There’s a misguided belief that just because you play an acoustic guitar and sing in a near-whisper close to the microphone, it makes you more honest than singer-songwriters who attempt to create an experience of truth in some other way.
Here’s the truth: Some songs are meant to calm you down. Some are meant to stir you up.
Some are transcendental, and some are just really dumb.
The religious hymn, praise to the king … songs filled with the sorrows of a dissolving marriage, or an inventory of lovers … they all have a place.
The dark, brave, thoughtful and serenely startling songs … tracks we can dance to, anthems we revolt to, beats we bounce to and sounds we make love to … they all have a place.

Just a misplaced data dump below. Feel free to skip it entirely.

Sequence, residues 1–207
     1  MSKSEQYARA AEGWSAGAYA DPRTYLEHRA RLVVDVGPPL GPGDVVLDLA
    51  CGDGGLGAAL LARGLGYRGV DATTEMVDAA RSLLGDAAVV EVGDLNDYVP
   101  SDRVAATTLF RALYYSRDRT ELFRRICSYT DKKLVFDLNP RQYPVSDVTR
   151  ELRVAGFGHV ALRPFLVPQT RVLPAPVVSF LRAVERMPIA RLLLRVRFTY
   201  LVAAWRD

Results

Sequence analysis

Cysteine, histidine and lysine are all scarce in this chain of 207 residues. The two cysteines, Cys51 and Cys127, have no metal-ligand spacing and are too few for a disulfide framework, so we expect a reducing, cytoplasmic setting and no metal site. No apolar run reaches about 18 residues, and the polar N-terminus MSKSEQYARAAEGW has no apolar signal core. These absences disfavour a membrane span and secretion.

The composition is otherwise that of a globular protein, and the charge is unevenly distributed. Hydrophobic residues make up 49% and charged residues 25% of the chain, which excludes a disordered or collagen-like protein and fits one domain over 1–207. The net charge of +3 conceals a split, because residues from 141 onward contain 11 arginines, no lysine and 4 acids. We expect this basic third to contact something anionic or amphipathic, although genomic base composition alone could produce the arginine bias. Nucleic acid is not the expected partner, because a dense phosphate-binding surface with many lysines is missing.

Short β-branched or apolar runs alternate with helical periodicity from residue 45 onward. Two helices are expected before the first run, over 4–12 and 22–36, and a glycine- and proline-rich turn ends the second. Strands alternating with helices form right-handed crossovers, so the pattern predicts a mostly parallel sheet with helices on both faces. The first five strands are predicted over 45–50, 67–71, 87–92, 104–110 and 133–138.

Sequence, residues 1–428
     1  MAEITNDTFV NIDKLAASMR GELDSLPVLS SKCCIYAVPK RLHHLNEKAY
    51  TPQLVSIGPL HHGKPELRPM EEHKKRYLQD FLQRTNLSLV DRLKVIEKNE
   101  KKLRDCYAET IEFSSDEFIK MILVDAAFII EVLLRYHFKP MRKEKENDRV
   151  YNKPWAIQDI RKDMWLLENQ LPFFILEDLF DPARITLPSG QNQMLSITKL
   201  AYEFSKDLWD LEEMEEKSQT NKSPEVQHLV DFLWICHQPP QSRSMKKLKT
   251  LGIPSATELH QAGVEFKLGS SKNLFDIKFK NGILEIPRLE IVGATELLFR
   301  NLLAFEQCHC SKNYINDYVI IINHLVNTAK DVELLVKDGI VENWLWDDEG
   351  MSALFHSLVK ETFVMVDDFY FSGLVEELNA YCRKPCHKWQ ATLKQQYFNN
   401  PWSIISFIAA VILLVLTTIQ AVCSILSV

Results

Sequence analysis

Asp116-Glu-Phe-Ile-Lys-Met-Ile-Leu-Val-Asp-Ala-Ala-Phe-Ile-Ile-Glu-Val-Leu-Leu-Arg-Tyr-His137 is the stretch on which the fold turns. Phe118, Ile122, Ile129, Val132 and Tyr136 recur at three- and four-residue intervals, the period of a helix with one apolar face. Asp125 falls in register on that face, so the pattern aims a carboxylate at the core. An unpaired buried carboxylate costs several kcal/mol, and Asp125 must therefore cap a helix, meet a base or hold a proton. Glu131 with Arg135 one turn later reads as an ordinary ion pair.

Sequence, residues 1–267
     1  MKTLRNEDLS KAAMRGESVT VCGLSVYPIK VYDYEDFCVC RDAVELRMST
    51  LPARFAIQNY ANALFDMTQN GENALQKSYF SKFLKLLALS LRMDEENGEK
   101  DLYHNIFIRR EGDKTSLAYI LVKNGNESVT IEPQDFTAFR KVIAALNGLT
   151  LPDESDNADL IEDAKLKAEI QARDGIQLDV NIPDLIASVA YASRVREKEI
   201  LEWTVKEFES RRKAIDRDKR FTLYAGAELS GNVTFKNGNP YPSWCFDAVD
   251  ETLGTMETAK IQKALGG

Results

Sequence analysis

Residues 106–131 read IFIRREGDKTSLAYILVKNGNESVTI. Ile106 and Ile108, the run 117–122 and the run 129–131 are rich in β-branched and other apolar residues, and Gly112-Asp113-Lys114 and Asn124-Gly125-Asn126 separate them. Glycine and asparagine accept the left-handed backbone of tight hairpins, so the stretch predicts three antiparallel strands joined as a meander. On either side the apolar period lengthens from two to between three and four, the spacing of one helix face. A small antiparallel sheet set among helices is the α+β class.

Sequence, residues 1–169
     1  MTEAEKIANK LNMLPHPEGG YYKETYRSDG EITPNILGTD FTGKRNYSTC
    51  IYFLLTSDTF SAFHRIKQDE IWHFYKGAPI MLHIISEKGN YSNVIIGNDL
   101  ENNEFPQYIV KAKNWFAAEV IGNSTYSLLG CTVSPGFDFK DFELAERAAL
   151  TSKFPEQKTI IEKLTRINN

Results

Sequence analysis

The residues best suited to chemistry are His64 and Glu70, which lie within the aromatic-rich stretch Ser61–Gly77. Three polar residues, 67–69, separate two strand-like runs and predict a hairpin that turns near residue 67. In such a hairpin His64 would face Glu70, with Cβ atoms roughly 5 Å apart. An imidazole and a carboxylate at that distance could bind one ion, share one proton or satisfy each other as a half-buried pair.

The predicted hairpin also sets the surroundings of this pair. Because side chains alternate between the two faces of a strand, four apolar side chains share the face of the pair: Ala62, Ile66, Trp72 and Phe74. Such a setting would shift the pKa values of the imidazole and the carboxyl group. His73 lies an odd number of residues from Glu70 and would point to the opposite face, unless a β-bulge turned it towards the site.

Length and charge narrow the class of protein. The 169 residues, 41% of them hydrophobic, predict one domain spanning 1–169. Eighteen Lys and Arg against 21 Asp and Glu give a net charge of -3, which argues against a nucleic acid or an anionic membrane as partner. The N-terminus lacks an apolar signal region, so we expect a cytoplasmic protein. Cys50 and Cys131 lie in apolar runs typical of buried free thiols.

We may crawl out of a song feeling more in love, or younger, or angrier, or wiser, clutching a secret message of small meaning or nothing, nothing. We might seem lost. We might seem happy. There are a hundred different states of human yearning, and people need to feel them all.
What matters is that when a songwriter comes along with a pure heart and something to say, we listen.